That’s not to say you shouldn’t give this one consideration if you’re new to turn-based tactical action, though. Far from it, in fact. Your onboarding officer, the super-sassy Nell, is on-hand at all times to explain the ins and out of how everything works, the game’s tutorial section has been smartly reworked so that every new aspect of battle is explained as it’s added to the mix, and there are guides aplenty to dip into whenever you need a refresh. There’s also a casual mode that you can switch to at any time during either of the two campaigns that dials the difficulty down from its classic form to help smooth over any tough spots for new recruits.

And what of those two campaigns? Well, combined you’re looking at a solid 35-40 hours worth of tactics action here, perhaps considerably more if you’re new to the genre, and we thoroughly recommend you start with the first campaign, as the admittedly throwaway story that backs up the core combat will be ruined somewhat if you choose to skip onto Black Hole Rising, something you can do right from the get go if you choose for some reason.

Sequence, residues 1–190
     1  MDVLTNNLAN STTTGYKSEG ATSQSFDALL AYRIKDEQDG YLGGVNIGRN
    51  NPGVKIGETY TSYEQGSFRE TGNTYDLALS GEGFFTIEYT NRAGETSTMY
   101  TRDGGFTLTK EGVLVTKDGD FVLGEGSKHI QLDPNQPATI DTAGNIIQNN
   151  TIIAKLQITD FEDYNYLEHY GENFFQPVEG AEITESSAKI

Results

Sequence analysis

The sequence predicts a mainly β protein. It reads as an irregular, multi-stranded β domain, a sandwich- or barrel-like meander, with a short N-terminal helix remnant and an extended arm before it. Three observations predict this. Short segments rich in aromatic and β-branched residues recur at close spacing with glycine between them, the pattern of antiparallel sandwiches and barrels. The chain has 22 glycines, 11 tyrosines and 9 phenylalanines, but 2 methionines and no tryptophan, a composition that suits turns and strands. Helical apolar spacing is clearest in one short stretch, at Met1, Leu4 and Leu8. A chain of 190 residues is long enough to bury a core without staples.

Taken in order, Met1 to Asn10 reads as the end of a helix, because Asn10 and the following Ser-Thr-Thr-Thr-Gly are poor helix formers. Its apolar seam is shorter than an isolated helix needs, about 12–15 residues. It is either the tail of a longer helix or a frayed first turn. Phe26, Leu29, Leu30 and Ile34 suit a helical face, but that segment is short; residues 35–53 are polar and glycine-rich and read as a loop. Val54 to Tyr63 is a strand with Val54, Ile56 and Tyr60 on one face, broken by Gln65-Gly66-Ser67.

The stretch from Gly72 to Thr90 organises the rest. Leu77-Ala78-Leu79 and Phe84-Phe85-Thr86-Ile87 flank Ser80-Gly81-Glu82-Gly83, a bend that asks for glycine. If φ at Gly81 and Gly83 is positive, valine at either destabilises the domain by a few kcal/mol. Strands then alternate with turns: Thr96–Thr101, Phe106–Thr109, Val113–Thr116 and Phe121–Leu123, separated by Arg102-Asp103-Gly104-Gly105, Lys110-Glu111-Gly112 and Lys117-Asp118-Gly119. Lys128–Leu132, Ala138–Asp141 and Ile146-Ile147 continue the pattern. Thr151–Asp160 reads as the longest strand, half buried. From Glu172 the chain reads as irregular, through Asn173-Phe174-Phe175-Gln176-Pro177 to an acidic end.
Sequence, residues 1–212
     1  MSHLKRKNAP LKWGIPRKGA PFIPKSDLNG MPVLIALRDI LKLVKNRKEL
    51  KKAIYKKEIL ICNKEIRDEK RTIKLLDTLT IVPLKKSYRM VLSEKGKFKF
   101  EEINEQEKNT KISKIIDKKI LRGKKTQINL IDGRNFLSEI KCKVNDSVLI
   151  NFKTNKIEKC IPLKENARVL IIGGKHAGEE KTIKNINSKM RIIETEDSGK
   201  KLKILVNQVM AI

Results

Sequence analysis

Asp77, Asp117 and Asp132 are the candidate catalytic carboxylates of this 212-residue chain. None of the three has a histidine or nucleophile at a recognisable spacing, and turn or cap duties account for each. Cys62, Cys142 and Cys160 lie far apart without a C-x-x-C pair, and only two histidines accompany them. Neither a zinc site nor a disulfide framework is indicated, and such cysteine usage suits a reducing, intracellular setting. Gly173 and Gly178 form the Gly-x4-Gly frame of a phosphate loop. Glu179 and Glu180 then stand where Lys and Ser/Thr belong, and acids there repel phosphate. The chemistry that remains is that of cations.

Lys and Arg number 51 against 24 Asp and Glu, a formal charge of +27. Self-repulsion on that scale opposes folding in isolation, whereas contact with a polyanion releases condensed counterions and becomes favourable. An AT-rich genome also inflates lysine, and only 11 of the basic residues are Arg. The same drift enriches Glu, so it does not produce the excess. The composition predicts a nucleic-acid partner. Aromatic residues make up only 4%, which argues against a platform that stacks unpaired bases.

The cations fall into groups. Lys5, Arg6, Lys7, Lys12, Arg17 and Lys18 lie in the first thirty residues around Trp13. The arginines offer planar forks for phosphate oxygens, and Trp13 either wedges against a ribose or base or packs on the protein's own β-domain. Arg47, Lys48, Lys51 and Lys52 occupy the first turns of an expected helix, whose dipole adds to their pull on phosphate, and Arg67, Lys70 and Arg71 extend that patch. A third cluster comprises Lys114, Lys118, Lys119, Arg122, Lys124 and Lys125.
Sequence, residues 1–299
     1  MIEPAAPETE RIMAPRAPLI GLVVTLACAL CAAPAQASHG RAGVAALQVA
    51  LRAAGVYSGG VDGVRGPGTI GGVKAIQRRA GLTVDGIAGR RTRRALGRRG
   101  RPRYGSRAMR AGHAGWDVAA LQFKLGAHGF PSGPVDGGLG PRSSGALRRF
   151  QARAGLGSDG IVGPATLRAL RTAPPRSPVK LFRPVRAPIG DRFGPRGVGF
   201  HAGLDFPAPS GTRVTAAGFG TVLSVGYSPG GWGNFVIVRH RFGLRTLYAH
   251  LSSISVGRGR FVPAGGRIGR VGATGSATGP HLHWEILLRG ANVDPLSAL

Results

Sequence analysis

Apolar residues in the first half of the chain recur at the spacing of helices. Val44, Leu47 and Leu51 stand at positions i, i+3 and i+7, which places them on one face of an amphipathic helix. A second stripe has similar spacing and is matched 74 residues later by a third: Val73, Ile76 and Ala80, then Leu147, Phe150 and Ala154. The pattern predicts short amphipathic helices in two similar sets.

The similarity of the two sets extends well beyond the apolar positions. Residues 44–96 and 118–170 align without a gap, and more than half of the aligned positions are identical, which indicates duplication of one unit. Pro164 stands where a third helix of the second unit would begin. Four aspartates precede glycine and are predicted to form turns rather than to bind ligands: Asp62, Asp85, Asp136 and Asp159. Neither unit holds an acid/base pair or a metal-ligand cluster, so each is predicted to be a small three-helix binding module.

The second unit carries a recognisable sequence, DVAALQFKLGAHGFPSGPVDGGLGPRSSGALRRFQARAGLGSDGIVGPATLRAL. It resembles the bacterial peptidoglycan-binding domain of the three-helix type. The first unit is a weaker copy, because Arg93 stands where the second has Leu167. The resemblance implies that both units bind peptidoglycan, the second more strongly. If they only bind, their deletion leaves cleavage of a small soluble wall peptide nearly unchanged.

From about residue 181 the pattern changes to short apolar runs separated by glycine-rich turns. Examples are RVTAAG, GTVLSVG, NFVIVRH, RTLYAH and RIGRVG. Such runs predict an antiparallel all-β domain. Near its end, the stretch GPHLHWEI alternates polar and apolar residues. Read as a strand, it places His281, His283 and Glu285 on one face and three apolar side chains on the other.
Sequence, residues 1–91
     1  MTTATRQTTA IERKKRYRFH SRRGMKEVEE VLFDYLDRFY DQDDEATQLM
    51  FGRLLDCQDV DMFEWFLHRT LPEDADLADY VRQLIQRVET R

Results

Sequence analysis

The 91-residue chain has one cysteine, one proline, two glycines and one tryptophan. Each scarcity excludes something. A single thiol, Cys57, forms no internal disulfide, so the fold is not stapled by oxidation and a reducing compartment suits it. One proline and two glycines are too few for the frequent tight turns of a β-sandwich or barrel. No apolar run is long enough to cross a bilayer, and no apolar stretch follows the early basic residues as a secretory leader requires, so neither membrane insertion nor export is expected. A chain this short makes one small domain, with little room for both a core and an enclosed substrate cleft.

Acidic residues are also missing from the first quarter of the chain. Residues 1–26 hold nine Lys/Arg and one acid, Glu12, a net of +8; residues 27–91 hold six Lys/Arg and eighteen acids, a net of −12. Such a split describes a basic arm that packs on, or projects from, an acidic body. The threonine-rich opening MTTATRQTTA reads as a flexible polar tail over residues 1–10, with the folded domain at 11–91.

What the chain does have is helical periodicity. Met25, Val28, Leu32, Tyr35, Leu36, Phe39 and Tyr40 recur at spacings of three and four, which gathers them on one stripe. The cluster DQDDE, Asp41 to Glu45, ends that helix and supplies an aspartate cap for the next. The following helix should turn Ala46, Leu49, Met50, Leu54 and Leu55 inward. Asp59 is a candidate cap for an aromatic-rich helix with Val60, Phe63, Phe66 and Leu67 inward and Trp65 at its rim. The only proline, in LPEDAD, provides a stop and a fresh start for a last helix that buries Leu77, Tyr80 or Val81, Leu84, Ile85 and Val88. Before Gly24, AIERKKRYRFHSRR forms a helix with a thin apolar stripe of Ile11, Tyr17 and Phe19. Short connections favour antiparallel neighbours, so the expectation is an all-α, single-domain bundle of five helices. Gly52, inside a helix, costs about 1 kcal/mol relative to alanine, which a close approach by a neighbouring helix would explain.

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Captured on Nintendo Switch (Docked)

Kicking off with 2001’s Advance Wars and, after a quick run through the basics of unit movement and attacking with Nell, we’re introduced to Andy, an energetic young Orange Star CO who’s eager to get onto the battlefield to tangle with Blue Moon’s invading forces. Opening sorties see you get to grips with unit types, terrain tactics — mountains give you a height advantage/forests conceal your movements and so on — and the ins and outs of trundling light tanks around in order to block off corridors of movement and disrupt your adversary’s plans. You’ll then be slowly introduced to capturing cities in order to earn supplies with which to churn out more units from bases on the field of action, and it’s in the carefully balanced selection of these units that the game finds its wonderfully addictive ebb and flow.